One of the chief industries of the Paraguayan women is lace-making. It is true that the lower classes do all kinds of work, but all the women make beautiful lace: they spin as delicately as spiders, and every house is full of beautiful cobwebs made by its women. They make lace handkerchiefs, fichus, and embroideries, and weave great hammocks of thread so fine and so strong that they will often outlast a generation. They have patterns of their own which they have taken from nature; one of the most beautiful is called the cobweb pattern, the threads of which are as delicately joined as though made by one of the big spiders to be found here in the semi-tropics. Some of these handkerchiefs are of silk, others are of linen, while others are of fibre grown in the country. It takes a long time to weave them, but there are so many at work that they are wonderfully cheap, so that an article upon which a month or so has been spent can be bought for , five dollars and upwards of our money. A good ham-mock will cost you ten dollars, and a shawl perhaps twice that amount.

Paraguay is a land of oranges. It is perhaps the only place in the world where the orange grows wild. There are oranges in every thicket and in almost every forest; the villages are built in orange groves, and there are so many oranges that they often rot on the ground. The fruit is delicious; it is, I believe, the best of its kind, and is eaten by everyone. The orange girls are among the picturesque features of Paraguay. You meet women peddling oranges at the stations; you find them surrounded by piles of golden fruit in every market; and all along the Paraguay river they are to be seen carrying oranges to the boats, which are to convey them to the markets of the south. It is estimated that 60,000,000 oranges are annually shipped down the Paraguay river to Buenos Aires, and the loading of the fruit is one of the sights of the voyage. As we came up to Asuncion we found mountains of oranges on the shores at every town, with hundreds of Paraguay girls kneeling before them packing them in baskets, while other hundreds were carrying them to the steamers.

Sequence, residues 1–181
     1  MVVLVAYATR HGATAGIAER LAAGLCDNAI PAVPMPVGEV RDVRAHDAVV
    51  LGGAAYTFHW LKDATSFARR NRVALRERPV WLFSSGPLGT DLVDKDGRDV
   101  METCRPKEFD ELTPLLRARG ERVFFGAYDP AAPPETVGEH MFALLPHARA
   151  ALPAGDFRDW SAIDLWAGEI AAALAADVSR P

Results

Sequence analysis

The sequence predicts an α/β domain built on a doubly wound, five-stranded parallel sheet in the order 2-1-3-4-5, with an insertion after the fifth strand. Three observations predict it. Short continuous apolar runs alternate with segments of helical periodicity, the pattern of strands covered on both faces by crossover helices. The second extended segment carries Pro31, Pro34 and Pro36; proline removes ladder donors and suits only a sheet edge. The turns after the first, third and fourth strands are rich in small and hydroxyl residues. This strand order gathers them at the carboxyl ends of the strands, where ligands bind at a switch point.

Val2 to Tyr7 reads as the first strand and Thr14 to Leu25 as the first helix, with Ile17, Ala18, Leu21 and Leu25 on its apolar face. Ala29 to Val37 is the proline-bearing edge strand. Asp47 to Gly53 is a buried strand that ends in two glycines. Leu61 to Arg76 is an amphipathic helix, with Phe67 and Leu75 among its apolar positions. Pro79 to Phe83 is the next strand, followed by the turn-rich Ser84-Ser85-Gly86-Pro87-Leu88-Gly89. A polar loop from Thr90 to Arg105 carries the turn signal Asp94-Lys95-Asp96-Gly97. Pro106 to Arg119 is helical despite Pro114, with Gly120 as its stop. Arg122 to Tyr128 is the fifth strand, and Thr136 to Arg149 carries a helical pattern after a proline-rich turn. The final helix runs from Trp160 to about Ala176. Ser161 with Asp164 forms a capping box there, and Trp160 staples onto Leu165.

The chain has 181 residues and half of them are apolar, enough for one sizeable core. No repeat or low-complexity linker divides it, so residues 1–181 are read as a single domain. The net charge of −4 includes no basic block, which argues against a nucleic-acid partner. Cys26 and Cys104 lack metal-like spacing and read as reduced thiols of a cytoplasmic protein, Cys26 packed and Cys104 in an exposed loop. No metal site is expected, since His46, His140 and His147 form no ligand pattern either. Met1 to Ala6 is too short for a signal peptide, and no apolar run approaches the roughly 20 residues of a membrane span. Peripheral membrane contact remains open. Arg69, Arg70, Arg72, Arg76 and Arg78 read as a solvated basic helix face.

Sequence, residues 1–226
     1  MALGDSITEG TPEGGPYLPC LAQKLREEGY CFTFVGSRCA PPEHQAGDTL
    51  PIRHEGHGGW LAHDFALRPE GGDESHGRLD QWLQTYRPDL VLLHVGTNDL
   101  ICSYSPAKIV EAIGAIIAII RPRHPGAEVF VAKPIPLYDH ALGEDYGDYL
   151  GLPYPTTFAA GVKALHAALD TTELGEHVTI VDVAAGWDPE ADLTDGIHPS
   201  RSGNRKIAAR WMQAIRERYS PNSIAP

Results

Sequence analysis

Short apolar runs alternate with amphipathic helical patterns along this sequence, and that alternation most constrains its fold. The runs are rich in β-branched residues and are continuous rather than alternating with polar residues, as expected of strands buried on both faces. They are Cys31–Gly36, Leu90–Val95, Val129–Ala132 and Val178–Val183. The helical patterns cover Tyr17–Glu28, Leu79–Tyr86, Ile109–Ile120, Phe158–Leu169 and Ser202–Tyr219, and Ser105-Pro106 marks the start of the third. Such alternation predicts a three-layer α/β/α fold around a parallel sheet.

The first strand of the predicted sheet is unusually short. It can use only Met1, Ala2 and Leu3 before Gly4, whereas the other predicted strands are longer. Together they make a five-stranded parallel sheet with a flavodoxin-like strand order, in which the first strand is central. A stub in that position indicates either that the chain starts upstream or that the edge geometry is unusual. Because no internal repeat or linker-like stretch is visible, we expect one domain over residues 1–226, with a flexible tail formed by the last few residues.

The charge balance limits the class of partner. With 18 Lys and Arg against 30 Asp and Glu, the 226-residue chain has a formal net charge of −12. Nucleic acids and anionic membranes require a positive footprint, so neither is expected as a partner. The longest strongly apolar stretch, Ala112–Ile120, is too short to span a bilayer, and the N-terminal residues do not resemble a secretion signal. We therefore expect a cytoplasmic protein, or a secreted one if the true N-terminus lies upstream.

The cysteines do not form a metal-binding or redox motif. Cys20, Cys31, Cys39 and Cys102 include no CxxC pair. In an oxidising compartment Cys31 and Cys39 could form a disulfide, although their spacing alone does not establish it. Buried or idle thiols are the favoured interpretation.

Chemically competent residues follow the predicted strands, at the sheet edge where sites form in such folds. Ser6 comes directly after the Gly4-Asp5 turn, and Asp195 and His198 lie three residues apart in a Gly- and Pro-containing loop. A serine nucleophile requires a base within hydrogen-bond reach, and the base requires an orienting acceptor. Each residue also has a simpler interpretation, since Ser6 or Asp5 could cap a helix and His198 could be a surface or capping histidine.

The scene is one that you cannot witness outside the country. Stop with me at Villa Pilar and look at it. Villa Pilar, has about i0,000 inhabitants: it lies on the east bank of the Paraguay river, a day or two’s ride below Asuncion. As the steamer stops at the landing we notice that every garden has its orange tree and that the trees shade the streets. We see ox carts coming in from the orchards creaking under their golden loads. Each cart holds about 5,000 oranges, piled loosely within it like so many potatoes. The driver directs his oxen to the piles of oranges on the bank, backs his cart against one of them, and dumps out the fruit just as our workmen dump dirt when repairing the roads. Oranges are indeed worth little more than dirt here; that whole cart full will sell for $5, and one can buy all he wants for two cents. And yet every orange is counted; those women on their knees, who are putting the fruit into the baskets, count as they work, and a careful tally is kept.

The women who carry the oranges on board balance their loads on their heads, and walk with them over a gangway to the steamer. There are a hundred women at this work now, and the ship is already so loaded with oranges that a wire netting has been stretched about its deck like a fence and the fruit piled up within it. The deck is so filled with oranges, in fact, that the sailors are moving about on boards which have been nailed up above the piled-up masses of the fruit.